Elephant seals forage at great depth where it is very dark, even during the day. While there is no evidence of any echolocation ability, foraging appears to depend upon vision and sensitivity of their whiskers – vibrissae.
The sensitivity of their eyes to light is ten times that of a human and is particularly sensitive to the colors of their bioluminescent prey. Like cats, they have a reflecting surface behind the retina, which roughly doubles their sensitivity. Their eyes permit clear vision both in water and in air. The powerful lens of their eye is responsible for most of the focusing, rather than the cornea. In addition, it takes only 2-3 minutes for elephant seals to adapt their vision from the bright ocean surface to the dark conditions at the bottom of their dive. In comparison, it would take humans 25 minutes to adapt to the same dark conditions.
Their elephant seal’s vibrissae pick up underwater vibration and tactile cues that contribute to successful foraging. The sensory information from the extensive neural connections at the base of each whisker help them to focus on and follow prey. Each of the approximately 100 whiskers on both sides of the face can sense the location of moving prey.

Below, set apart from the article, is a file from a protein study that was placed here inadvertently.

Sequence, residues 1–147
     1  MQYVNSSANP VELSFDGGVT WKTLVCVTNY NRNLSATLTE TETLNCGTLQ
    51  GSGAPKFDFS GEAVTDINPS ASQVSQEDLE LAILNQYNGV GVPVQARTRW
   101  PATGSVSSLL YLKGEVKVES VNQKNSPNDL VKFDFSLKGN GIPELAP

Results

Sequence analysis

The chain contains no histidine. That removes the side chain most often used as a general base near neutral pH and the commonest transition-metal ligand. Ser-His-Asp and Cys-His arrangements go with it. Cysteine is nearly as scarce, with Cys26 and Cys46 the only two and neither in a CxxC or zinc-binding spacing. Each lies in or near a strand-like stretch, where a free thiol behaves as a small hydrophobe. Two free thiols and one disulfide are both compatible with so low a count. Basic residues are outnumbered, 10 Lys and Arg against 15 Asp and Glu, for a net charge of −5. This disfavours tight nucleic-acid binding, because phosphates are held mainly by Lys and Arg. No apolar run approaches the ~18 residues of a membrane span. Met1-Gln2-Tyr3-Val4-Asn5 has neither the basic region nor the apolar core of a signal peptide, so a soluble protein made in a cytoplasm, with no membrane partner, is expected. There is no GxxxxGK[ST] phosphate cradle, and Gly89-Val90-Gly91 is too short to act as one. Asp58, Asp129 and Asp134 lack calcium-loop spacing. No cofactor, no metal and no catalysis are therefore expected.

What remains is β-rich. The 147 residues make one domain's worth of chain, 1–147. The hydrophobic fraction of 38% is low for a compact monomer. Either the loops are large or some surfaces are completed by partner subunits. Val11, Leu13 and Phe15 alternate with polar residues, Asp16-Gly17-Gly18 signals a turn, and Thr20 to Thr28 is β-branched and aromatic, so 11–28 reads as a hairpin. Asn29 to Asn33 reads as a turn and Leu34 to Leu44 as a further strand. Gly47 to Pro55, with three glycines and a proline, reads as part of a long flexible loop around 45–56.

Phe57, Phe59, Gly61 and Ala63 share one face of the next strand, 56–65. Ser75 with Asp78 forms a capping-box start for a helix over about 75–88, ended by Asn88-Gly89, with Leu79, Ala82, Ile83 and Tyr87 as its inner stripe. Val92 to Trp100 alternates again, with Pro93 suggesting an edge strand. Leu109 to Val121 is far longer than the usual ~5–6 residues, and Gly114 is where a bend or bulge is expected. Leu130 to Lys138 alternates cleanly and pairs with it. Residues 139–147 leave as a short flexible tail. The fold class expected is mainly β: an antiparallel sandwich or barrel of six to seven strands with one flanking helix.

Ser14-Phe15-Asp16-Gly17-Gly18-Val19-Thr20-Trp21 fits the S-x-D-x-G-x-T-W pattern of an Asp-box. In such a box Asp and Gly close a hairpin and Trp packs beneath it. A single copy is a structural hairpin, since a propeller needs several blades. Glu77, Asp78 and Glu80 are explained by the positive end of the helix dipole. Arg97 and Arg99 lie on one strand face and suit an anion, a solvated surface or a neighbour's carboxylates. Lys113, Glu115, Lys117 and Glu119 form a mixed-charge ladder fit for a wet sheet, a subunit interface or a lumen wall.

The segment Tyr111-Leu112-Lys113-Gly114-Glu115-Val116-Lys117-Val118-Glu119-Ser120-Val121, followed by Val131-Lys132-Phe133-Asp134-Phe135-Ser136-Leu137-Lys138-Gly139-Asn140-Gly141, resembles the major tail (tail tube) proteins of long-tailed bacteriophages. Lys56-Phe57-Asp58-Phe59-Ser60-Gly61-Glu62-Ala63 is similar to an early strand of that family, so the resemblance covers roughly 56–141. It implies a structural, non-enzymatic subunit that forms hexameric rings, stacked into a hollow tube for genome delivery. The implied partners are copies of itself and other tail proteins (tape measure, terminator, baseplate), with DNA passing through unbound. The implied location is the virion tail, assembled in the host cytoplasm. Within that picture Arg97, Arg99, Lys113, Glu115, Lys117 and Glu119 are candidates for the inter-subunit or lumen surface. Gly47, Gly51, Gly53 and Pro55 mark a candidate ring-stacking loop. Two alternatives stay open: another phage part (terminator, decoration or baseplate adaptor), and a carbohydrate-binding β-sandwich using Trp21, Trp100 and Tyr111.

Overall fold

The whiskers may be a millimeter across (roughly 10 times the width of human hair) near the face. They arise from follicles that can be 3⁄4 “ long, much longer than the follicles in samples of molted hair. They have 5 to 10 time as many nerve endings as terrestrial mammal whisker follicles.
Each whisker has a blood supply as well, which helps to avoid the numbing effect of cold waters and to furnish the many nerves with needed oxygen. The whisker follicles are supplied with enough blood that even the skin around them is a few degrees warmer than the rest of the face.